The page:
ARLD often does not create symptoms until the liver is badly damaged. When this occurs, possible symptoms include:

  • Feeling unwell 
  • Weight reduction 
  • Lack of hunger 
  • Jaundice 
  • Inflammation of the ankles and abdomen 
  • Disorientation or sleepiness 
  • Vomiting blood or passing blood in your stools 

This implies that ARLD is typically identified during testing for other illnesses or at an advanced stage of liver damage.

What are the signs of a damaged liver?

In addition to fighting off infections, metabolising medications, producing energy from meals, and functioning as a toxin filter, the liver performs a crucial role in the body. This organ has the capacity to rejuvenate itself in order to continue performing its function properly. However, overworking the liver may result in severe liver disease. Inflammation, scarring, cirrhosis, malignancy, and finally life-threatening liver failure may result from repeated liver trauma.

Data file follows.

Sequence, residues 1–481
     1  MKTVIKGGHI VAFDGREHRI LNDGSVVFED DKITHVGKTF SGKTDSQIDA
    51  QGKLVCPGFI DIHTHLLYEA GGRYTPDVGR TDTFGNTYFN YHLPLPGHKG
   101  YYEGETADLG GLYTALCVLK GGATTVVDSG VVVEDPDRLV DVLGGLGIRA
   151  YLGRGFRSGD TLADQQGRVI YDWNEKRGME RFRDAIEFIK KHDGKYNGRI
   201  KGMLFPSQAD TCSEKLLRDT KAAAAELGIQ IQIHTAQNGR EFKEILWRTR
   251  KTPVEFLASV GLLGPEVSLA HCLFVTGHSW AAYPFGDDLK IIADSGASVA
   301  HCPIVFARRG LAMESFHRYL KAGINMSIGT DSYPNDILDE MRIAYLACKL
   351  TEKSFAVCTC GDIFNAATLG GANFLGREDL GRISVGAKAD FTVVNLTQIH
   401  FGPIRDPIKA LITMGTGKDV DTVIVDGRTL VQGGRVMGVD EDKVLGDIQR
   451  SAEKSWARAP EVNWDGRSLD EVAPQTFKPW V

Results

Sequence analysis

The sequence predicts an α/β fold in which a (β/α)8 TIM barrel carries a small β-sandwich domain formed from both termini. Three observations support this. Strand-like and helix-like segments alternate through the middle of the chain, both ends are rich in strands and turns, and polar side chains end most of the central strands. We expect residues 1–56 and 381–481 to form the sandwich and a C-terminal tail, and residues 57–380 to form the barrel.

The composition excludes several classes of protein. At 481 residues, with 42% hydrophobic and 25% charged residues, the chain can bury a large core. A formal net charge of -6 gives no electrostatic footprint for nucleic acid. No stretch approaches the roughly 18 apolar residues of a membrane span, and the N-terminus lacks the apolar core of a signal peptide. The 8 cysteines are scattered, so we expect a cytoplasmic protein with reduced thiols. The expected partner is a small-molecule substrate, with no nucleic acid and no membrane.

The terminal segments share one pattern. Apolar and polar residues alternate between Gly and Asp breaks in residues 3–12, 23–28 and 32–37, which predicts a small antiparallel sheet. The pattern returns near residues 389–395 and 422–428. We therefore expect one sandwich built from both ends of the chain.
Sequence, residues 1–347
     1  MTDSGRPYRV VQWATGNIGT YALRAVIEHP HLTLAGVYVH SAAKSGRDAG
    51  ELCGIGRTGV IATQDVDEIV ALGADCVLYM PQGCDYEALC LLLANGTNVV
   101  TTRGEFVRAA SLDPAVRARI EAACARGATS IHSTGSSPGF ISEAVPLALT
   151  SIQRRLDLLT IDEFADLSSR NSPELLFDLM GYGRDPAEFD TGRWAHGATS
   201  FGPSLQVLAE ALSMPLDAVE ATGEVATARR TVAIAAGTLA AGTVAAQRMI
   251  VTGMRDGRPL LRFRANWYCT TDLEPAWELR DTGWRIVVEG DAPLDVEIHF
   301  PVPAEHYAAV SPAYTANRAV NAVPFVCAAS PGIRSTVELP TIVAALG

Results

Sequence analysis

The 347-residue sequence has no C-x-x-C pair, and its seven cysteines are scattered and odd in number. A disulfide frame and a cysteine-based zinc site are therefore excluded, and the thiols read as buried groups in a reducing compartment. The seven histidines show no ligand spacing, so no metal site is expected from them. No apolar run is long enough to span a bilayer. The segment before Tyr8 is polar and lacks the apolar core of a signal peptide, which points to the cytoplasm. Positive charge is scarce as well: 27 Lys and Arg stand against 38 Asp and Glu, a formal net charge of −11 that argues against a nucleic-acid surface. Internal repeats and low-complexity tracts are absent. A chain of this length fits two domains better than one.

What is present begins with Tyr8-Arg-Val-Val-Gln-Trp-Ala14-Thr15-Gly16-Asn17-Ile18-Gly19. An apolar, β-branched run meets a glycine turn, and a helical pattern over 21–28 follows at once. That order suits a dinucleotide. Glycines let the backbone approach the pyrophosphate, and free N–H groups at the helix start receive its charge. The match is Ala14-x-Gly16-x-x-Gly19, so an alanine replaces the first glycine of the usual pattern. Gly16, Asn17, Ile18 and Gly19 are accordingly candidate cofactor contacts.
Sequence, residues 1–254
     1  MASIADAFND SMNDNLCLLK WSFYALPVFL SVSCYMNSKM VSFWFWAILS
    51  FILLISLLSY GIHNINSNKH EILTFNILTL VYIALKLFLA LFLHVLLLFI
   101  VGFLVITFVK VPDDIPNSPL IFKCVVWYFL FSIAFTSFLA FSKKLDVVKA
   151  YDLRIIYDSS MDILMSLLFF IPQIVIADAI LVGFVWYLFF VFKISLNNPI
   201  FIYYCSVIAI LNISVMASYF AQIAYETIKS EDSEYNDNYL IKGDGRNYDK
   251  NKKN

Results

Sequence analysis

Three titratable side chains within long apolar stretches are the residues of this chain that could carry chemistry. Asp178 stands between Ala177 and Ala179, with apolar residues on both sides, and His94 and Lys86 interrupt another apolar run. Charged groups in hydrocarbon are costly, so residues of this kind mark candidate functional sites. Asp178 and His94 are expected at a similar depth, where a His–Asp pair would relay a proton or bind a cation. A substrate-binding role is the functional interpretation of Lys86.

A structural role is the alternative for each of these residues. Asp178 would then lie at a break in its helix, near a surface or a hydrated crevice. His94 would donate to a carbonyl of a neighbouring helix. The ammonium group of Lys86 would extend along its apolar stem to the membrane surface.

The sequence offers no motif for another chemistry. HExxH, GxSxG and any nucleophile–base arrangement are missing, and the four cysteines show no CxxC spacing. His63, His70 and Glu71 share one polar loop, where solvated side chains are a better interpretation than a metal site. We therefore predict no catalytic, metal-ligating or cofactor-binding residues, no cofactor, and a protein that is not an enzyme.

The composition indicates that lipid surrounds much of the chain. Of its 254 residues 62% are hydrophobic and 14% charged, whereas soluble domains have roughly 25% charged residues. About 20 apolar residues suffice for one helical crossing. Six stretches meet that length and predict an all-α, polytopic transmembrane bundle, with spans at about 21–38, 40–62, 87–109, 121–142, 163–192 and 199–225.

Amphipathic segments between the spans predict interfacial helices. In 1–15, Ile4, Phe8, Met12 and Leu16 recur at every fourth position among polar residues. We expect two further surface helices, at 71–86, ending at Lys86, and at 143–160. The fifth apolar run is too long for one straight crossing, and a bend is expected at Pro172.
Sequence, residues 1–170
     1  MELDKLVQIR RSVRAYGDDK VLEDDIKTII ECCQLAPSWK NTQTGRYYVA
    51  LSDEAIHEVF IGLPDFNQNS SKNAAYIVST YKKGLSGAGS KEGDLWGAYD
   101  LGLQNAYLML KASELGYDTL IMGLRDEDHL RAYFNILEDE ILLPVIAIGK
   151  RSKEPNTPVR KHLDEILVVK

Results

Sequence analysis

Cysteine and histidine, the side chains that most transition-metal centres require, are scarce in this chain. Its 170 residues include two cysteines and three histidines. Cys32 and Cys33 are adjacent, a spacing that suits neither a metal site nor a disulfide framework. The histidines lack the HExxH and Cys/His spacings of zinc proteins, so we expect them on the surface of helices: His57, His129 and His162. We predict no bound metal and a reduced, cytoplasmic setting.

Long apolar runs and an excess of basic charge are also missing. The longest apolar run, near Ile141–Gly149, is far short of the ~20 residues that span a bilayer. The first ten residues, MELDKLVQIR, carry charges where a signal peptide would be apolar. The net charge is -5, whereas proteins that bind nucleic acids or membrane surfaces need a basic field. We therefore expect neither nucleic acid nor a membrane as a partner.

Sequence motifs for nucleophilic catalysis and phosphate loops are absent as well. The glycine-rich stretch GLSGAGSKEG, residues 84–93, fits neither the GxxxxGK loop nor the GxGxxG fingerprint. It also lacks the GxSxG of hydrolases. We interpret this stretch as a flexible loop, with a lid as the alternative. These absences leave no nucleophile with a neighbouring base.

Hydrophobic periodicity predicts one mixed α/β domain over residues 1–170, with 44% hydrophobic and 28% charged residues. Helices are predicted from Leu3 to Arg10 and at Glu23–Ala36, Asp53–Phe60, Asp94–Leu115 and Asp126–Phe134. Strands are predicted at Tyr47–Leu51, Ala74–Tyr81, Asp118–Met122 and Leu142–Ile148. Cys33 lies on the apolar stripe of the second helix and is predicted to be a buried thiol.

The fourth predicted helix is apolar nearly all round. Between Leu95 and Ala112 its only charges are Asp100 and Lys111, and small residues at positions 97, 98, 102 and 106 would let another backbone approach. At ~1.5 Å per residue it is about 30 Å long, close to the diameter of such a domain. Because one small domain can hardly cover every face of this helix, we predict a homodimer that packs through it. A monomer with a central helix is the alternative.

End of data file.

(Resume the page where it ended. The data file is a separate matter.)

Cirrhosis, an accumulation of scar tissue in the liver, blocks the flow of blood through the liver. As a consequence, the liver is unable to function properly, resulting in fluid collection in the belly (ascites) or even swelling in the legs and ankles. In 50% of patients with cirrhosis, fluid retention is the most prevalent sign that the liver may be damaged. 

Typically, the liver has little difficulty filtering out bilirubin, a yellow pigment found in bile. A buildup of bilirubin may give the skin and the whites of the eyes a yellowish hue if the blood is unable to be digested efficiently. In addition to jaundice, liver disease may also cause itchy skin.